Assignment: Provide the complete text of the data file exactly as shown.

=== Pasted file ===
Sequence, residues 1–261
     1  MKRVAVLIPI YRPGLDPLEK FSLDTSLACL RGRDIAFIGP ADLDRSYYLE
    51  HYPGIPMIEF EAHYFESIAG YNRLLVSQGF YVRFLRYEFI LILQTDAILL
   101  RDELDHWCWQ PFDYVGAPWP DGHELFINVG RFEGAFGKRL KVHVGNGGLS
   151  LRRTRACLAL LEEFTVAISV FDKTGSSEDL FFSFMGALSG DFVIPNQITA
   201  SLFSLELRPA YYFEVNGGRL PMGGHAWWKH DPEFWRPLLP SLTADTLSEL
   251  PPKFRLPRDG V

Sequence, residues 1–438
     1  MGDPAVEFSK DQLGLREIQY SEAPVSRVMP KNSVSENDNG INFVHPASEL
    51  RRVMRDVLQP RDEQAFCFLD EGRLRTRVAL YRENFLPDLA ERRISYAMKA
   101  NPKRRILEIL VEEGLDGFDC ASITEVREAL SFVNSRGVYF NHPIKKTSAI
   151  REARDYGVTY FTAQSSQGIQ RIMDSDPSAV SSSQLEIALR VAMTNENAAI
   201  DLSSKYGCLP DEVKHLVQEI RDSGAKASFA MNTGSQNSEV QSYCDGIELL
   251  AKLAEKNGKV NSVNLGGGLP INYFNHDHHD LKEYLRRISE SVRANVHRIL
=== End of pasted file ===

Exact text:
Sequence, residues 1–261
     1  MKRVAVLIPI YRPGLDPLEK FSLDTSLACL RGRDIAFIGP ADLDRSYYLE
    51  HYPGIPMIEF EAHYFESIAG YNRLLVSQGF YVRFLRYEFI LILQTDAILL
   101  RDELDHWCWQ PFDYVGAPWP DGHELFINVG RFEGAFGKRL KVHVGNGGLS
   151  LRRTRACLAL LEEFTVAISV FDKTGSSEDL FFSFMGALSG DFVIPNQITA
   201  SLFSLELRPA YYFEVNGGRL PMGGHAWWKH DPEFWRPLLP SLTADTLSEL
   251  PPKFRLPRDG V

Sequence, residues 1–438
     1  MGDPAVEFSK DQLGLREIQY SEAPVSRVMP KNSVSENDNG INFVHPASEL
    51  RRVMRDVLQP RDEQAFCFLD EGRLRTRVAL YRENFLPDLA ERRISYAMKA
   101  NPKRRILEIL VEEGLDGFDC ASITEVREAL SFVNSRGVYF NHPIKKTSAI
   151  REARDYGVTY FTAQSSQGIQ RIMDSDPSAV SSSQLEIALR VAMTNENAAI
   201  DLSSKYGCLP DEVKHLVQEI RDSGAKASFA MNTGSQNSEV QSYCDGIELL
   251  AKLAEKNGKV NSVNLGGGLP INYFNHDHHD LKEYLRRISE SVRANVHRIL